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The Style Invitational

Week 261: What If You Give It a Try II
Sunday, March 15, 1998; Page F02


What if Fidel Castro had been flattened by a bus in 1958? Cuba becomes the 51st state in '65, the Washington Senators become the Havana Jefes in '71.

What if the South had won the Civil War? Arkadelphia, Ark. is the cradle of an international renaissance of art, science and culture. Also, Billy Wayne "Moose" Clampett, the Bill Gates of the South, makes his fortune in spittoons.

Spy vs. Spy
(By Bob Staake for The Washington Post)

What if Oswald had missed? Nothing changes. The guy on the grassy knoll, or the guy with the grenade launcher popping out of the manhole or the guy behind the tree with the umbrella-rifle completes the hit.

This Week's Contest was proposed by Elden Carnahan of Laurel, who wins a stale Chinese fortune cookie containing (we are reliably informed) an X-rated fortune. Elden suggests that you alter some crucial moment in history, and then tell us the likely outcome. First-prize winner gets "The Best of Annals of Improbable Research," donated to The Style Invitational by Sarah Worcester of Bowie. This is a terrific book of bogus science, including the famous experiment "How Dead Is a Doornail?," in which scientists performed an electroencephalogram on a doornail. (It is really most sincerely dead.) The best part is that the book is signed by editor-author Marc Abrahams, and hand-dedicated to "The Winner of the Style Invitational."

First runner-up gets the tacky but estimable Style Invitational Loser Pen. Other runners-up receive the coveted Style Invitational Loser T-shirt. Honorable Mentions get the mildly sought-after Style Invitational bumper sticker. Winners will be selected on the basis of humor and originality. Mail your entries to The Style Invitational, Week 261, c/o The Washington Post, 1150 15th St. NW, Washington, D.C. 20071; fax them to 202-334-4312; or submit them via Internet to this NEW address: Internet users: Please indicate the week number in the "subject" field. Entries must be received on or before Monday, March 23. Please include your address and phone number. Winners will be announced three weeks from today. Editors reserve the right to alter entries for taste, humor or appropriateness. No purchase necessary. We wish to thank Maja Keech of New Carrollton for today's Ear No One Licks. Employees of the Washington Post and members of their immediate families are not eligible for prizes.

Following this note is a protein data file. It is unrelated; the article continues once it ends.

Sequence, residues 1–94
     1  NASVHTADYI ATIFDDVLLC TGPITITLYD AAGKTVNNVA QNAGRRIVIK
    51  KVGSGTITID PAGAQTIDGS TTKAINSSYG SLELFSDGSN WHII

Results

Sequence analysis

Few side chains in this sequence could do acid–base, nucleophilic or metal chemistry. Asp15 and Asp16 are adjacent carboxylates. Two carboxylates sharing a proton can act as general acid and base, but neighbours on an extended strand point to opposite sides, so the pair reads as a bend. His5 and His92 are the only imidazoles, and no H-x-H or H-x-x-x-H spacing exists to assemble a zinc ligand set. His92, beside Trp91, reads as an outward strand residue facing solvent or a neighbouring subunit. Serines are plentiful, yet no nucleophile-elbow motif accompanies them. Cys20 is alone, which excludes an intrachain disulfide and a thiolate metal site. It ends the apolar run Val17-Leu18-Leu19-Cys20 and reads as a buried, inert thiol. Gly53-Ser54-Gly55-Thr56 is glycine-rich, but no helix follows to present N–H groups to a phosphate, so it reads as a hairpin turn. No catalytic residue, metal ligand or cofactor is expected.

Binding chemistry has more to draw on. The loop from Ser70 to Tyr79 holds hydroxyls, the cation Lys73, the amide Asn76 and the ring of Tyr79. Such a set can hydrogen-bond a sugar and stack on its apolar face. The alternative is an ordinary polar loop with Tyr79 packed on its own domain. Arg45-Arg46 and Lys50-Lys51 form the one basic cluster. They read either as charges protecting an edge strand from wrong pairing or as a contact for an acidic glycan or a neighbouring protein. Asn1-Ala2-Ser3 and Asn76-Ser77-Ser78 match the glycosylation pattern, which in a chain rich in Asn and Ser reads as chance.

Report from Week 258,
in which we asked you how you would use any of five super powers. But first, an urgent message for everyone who enters this contest through e-mail. The Invitational has a new address: Starting next week the old address won't work anymore. Back to the super powers:

Fifth runner-up: The ability to communicate with animals
I'd tease the big male macho animals by telling them our females are always in heat. (Barry Blyveis, columbia)

Fourth Runner-Up: The ability to fly, become invisible, read minds and belch fire
Maybe then I could play Michael Jordan, one on one, even-up. Probably not. (Mike Genz, La Plata)

Third Runner-Up: The ability to fly
I would float weightless, becoming one with the beauty of nature, freed from earthly bondage, part of the cosmos, touching the very face of God. Then I would drop stuff on people and laugh at them. (Jessica Henig, Northampton, Mass.)

Second runner-up: The ability to fly and become invisible
At the golf course, I'd pick some pathetic 30 handicapper and catch his ball in the air and put it in the hole, and keep doing it until the 18th green, where I would kick his shots off course until he "26-putted" and finished with a 112. (Ned Bent, Herndon)

First Runner-Up: The ability to communicate with animals

While cooking chicken on the grill, I would strike up a conversation with the salmonella; when they stop answering me, the meat is done. (Greg Arnold, Herndon)

And the winner of the reindeer-antler aphrodisiac powder:
The ability to belch fire -- I'd give this ability to Monica, so she could have closure to her relationship. (Christina Courtney, Ocean City, Md.)